HUD Dud

President Obama, and many other others, have pointed out that those saying we can balance the budget solely by eliminating “waste, fraud and abuse” are taking a phony approach to fiscal discipline.  However, that doesn’t mean that “waste, fraud and abuse” doesn’t exist — a fact proven by yesterday’s Washington Post piece on spending by HUD on community housing projects.

The Post story found that in recent years more than $400 million in HUD money has been spent on stalled or abandoned projects.  In some cases, money was loaned and projects never got underway.  Many of the people to whom money was given had no experience in construction or had questionable qualifications for getting the federal booty.  The overall picture painted by the article suggests that our tax dollars were spent with little concern for how they would actually be used, and then with little attention to how they were actually being spent.

I recognize that $400 million is only a tiny drop in our colossal deficit bucket — but $400 million is still a lot of money in my book, and the Post article looks at only one program administered by one agency.  What would we find if every federal program were subjected to similar scrutiny?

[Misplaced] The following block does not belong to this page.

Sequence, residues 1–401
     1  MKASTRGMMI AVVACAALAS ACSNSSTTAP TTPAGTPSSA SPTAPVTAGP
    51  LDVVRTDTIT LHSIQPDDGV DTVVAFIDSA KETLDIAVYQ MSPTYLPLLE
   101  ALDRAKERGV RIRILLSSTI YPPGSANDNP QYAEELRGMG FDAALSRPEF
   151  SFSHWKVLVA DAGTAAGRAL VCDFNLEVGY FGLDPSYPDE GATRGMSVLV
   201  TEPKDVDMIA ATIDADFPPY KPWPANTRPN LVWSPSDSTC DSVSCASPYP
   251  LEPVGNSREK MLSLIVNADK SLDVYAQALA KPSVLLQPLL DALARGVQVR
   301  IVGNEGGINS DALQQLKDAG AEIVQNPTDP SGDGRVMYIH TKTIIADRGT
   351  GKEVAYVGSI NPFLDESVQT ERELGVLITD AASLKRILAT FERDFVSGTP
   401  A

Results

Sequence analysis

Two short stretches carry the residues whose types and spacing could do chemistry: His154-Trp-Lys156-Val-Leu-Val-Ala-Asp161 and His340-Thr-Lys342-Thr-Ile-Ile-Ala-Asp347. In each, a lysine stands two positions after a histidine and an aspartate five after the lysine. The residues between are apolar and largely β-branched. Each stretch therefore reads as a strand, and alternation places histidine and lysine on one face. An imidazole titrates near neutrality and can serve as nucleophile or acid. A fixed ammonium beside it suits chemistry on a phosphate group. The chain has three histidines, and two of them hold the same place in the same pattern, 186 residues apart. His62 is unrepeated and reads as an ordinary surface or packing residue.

I’m not surprised by the waste found in the HUD housing efforts, nor am I surprised by the attitude reflected in the quotes from government officials who are involved in this poorly run program.  One person who manages HUD money says we need to reduce the risk by enacting “basic standards” — which suggests that hundreds of millions of dollars have been spent without even “basic standards” that apply.  Could that possibly be true?  The Post quotes another government official, Mercedes Marquez, HUD’s assistant secretary for community planning and development, says “We can do better and we will.”  But why on Earth should we believe her?  Isn’t it safe to assume that every HUD official since that agency was formed has said pretty much the same thing?

This is an example of where governments and businesses diverge.  In any business, a division that failed to insist on basic accountability and frittered away $400 million would be shut down — period.  Why shouldn’t we take the same approach with this badly administered program?

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